By Kate Pierson
It’s not often you get to spend an hour talking to one of Aotearoa’s most commanding fashion designers about what makes her tick.
Needless to say, you make the most of that hour. Because when it comes to Trelise Cooper – style magnate, wife, mother, and the darling of New Zealand’s sartorial scene – there’s much to discuss when it comes to how she does it all.
But, you know, what triggers the intrigue is not so much the fact that she was made a Dame Companion of the New Zealand Order of Merit in 2013, or the fact that she has 10 flagship boutiques throughout the world and more than 200 stockists throughout Australasia, Asia, Europe, America and the Middle East. Oh, and we haven’t even started on her philanthropic largesse yet – that’ll come later.
Of course there is significant kudos attached to each of these achievements for they are life defining in their own right. But actually, it’s the fact that she’s able to look fear straight in the eye – despite its paralysing qualities – and then own it over and over again that gives Trelise that real je ne sais quoi.
To understand Trelise is to understand her industry, and the first thing to know about the market she plays hardball in, is that there’s no such thing as the quid pro quo.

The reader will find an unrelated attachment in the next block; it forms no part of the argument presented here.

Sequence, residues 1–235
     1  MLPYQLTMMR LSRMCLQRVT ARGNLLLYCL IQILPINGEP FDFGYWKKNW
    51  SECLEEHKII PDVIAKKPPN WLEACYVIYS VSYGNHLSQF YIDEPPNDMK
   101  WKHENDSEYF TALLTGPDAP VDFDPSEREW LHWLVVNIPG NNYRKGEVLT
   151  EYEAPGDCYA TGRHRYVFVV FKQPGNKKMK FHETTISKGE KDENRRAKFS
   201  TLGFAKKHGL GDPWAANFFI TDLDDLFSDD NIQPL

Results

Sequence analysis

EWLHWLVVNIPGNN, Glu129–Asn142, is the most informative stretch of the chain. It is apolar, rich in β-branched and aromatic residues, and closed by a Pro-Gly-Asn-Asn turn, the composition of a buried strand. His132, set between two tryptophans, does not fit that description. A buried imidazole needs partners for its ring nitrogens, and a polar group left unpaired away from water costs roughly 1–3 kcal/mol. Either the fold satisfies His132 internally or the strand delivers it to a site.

It’s never been a ‘what you put in you get out’ type of industry, and your blood, sweat and tears – no matter how genuine – don’t guarantee you a dime.
No one will hand you a cheat sheet at the beginning of the season and you can be sure as hell, that the sartorial graveyard is full of fashion flubs that went straight from go to woe without even a hint of credit earned on the way through.
One thing’s for certain, if you want anything out at all, what you put in has to count first time, every time. You cannot operate with impunity; you will be accountable and you most certainly are touchable.
You are within the reach of unforgiving critics with acid tongues, and the naysayers hiding behind veils of Internet based anonymity that are not only thirsty for blood, but as potentially damaging to your credibility as the frontline critics holding the spotlight in weekly columns and reviews.
Scary stuff? You bet.
There’s also absolutely no opportunity for sweet-talking of any kind in this business. Wool won’t be pulled over anyone’s eyes no matter how fabulous its quality. They either like you, or they don’t – plain and painfully simple. ‘They’ being the rather picky masses of the fashion devoted who are constantly agitating for change.
When you’re in this business, the euphoric highs come with the perilous lows, and once you’re on that rollercoaster known as ‘the fashion industry’, you best be hanging on for dear life.
The girl who could
It’d be fair to say Trelise’s journey has been quite the odyssey with more than one Sisyphean climb involved along the way.
Most impressively, perhaps, is that she has honed the art of living out her own advice. If you took this commendation for granted, only accepting it at face value, you might be prompted to say, ‘Yeah, and?’ But think about it. Really think about it.